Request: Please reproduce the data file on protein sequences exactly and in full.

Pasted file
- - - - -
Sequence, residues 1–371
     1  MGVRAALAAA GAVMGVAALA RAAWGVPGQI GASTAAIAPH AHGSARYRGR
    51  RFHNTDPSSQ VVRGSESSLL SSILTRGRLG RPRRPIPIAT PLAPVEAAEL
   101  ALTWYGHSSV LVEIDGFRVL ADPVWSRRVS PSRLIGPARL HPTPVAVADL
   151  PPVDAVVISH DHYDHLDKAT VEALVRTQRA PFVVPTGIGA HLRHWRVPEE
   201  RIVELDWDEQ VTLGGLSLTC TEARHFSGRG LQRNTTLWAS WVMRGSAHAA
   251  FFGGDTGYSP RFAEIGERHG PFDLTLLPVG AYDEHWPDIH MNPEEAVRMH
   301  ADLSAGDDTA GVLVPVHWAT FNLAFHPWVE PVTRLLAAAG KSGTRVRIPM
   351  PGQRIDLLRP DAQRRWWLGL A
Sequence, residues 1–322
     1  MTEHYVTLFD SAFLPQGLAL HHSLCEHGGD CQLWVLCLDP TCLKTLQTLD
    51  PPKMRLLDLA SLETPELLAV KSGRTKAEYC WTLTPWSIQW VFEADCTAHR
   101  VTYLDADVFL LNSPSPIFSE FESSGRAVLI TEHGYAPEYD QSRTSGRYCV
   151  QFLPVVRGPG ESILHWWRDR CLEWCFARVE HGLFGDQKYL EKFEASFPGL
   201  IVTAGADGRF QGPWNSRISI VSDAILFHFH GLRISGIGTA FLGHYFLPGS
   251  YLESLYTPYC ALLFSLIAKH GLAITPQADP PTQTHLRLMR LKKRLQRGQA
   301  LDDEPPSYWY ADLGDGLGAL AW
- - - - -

Sequence, residues 1–371
     1  MGVRAALAAA GAVMGVAALA RAAWGVPGQI GASTAAIAPH AHGSARYRGR
    51  RFHNTDPSSQ VVRGSESSLL SSILTRGRLG RPRRPIPIAT PLAPVEAAEL
   101  ALTWYGHSSV LVEIDGFRVL ADPVWSRRVS PSRLIGPARL HPTPVAVADL
   151  PPVDAVVISH DHYDHLDKAT VEALVRTQRA PFVVPTGIGA HLRHWRVPEE
   201  RIVELDWDEQ VTLGGLSLTC TEARHFSGRG LQRNTTLWAS WVMRGSAHAA
   251  FFGGDTGYSP RFAEIGERHG PFDLTLLPVG AYDEHWPDIH MNPEEAVRMH
   301  ADLSAGDDTA GVLVPVHWAT FNLAFHPWVE PVTRLLAAAG KSGTRVRIPM
   351  PGQRIDLLRP DAQRRWWLGL A
Sequence, residues 1–322
     1  MTEHYVTLFD SAFLPQGLAL HHSLCEHGGD CQLWVLCLDP TCLKTLQTLD
    51  PPKMRLLDLA SLETPELLAV KSGRTKAEYC WTLTPWSIQW VFEADCTAHR
   101  VTYLDADVFL LNSPSPIFSE FESSGRAVLI TEHGYAPEYD QSRTSGRYCV
   151  QFLPVVRGPG ESILHWWRDR CLEWCFARVE HGLFGDQKYL EKFEASFPGL
   201  IVTAGADGRF QGPWNSRISI VSDAILFHFH GLRISGIGTA FLGHYFLPGS
   251  YLESLYTPYC ALLFSLIAKH GLAITPQADP PTQTHLRLMR LKKRLQRGQA
   301  LDDEPPSYWY ADLGDGLGAL AW